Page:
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Ye should do service. Hark, the trumpets sound;
Port. Make way there for the princess.
Man. You great fellow, stand close up, or I'll make your head ake.
Port. You i'the camblet, get up o'er the rail ; I'll pick you o’er the pales else'.
Enter Trumpets, sounding; then two Aldermen, Lord
Mayor, Garter, CRANMER, Duke of NORFOLK, with his marshal's staff, Duke of SUFFOLK, two Noblemen bearing great standing bowlso for the christening gifts ; then four Noblemen bearing a canopy, under which the Duchess of NORFOLK, godmother, bearing the Child richly habited in a mantle, &c. Train borne by a Lady : then follows the Marchioness of DORSET, the other godmother, and Ladies. The troop pass once about the stage, and Garter speaks.
Gart. Heaven, from thy endless goodness!, send prosperous life, long, and ever happy, to the high and mighty princess of England, Elizabeth!
7— r'll pick you o'er the pales else.) To pick is to pitch.
8 The Palace.) At Greenwich, where this procession was made from the church of the Friars.
9 - standing bowls -] i. e. bowls elevated on feet or pedestals.
| Heaven, from thy endless goodness, &c.] These words are not the invention of the poet, having been pronounced at the christening of Elizabeth.
Flourish. Enter King, and Train.
Thank you, good lord archbishop ;
Elizabeth. K. Hen.
Stand up, lord.—
[The King kisses the Child. With this kiss take my blessing: God protect thee! Into whose hands I give thy life. Cran.
Amen. K. Hen. My noble gossips, ye have been too prodigal: I thank ye heartily; so shall this lady, When she has so much English. Cran.
Let me speak, sir, For heaven now bids me; and the words I utter Let none think flattery, for they'll find them truth. This royal infant, (heaven still move about her!) Though in her cradle, yet now promises Upon this land a thousand thousand blessings, Which time shall bring to ripeness : She shall be (But few now living can behold that goodness,) A pattern to all princes living with her, And all that shall succeed: Sheba was never More covetous of wisdom, and fair virtue, Than this pure soul shall be: all princely graces, That mould up such a mighty piece as this is, With all the virtues that attend the good, Shall still be doubled on her: truth shall nurse her, Holy and heavenly thoughts still counsel her: She shall be lov'd and fear'd: Her own shall bless her: Her foes shake like a field of beaten corn,
And hang their heads with sorrow: Good grows with her:
Thou speakest wonders.]
? (Nor shall this peace sleep with her : &c.] These lines, to the interruption by the king, seem to have been inserted at some revisal of the play, after the accession of king James. If the passage, included in crotchets, be left out, the speech of Cranmer proceeds in a regular tenour of prediction, and continuity of sentiments : but, by the interposition of the new lines, he first celebrates Elizabeth's successor, and then wishes he did not know that she was to die ; first rejoices at the consequence, and then laments the cause. Our author was at once politick and idle ; he resolved to flatter James, but neglected to reduce the whole speech to propriety ; or perhaps intended that the lines inserted should be spoken in the action, and omitted in the publication, if any publication was ever in his thoughts. Mr. Theobald has made the same observation. Johnson.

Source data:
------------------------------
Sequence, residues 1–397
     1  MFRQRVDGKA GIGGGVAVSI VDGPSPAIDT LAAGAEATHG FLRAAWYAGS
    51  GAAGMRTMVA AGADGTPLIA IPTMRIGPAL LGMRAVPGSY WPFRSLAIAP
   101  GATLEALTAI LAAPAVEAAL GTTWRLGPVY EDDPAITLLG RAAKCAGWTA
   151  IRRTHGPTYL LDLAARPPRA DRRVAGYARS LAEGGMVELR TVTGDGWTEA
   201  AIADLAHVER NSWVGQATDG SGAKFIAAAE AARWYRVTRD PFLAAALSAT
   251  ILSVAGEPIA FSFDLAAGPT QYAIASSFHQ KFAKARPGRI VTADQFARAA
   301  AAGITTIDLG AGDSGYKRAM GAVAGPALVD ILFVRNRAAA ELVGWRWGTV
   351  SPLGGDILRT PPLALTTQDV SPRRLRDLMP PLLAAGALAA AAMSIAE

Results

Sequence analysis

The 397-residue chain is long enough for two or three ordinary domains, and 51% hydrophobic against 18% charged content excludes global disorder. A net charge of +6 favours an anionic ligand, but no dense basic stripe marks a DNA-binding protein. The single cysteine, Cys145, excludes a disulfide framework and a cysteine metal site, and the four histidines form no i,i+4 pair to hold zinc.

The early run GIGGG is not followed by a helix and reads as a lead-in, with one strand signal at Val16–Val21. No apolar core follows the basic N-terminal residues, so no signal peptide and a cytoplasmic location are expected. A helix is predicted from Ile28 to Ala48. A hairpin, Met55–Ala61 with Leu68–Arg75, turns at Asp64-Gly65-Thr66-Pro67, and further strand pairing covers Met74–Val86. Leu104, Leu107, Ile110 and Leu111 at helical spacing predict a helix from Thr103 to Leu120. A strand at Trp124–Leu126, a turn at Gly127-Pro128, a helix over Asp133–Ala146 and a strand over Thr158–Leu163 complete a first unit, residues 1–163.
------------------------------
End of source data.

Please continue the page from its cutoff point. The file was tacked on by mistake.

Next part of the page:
Cran. She shall be, to the happiness of England,
K. Hen. O lord archbishop,
3 The play of Henry the Eighth is one of those which still keeps possession of the stage by the splendour of its pageantry. The coronation, about forty years ago, drew the people together in multitudes for a great part of the winter *. Yet pomp is not the only merit of this play. The meek sorrows and virtuous distress of Katharine have furnished some scenes, which may be justly numbered among the greatest efforts of tragedy. But the genius of Shakspeare comes in and goes out with Katharine. Every other part may be easily conceived and easily written. Johnson.
* Chetwood says that, during one season, it was exhibited seventy-five times.
'Tis ten to one, this play can never please
"- such a one we show'd them ;] In the character of Katharine.
JOHNSON. 6 — If they smile, &c.] Though it is very difficult to decide whether short pieces be genuine or spurious, yet I cannot restrain myself from expressing my suspicion that neither the Prologue nor Epilogue to this play is the work of Shakspeare ; non vultus, non color. It appears to me very likely that they were supplied by the friendship or officiousness of Jonson, whose manner they will be perhaps found exactly to resemble. There is yet another supposition possible : the Prologue and Epilogue may have been written after Shakspeare's departure from the stage, upon some accidental revival of the play, and there will then be reason for imagining that the writer, whoever he was, intended no great kindness to him, this play being recommended by a subtle and covert censure of his other works. There is, in Shakspeare, so much of fool and fight ;
the fellow, . “ In a long motley coat, guarded with yellow," appears so often in bis drama, that I think it not very likely that he would have animadverted so severely on himself. All this,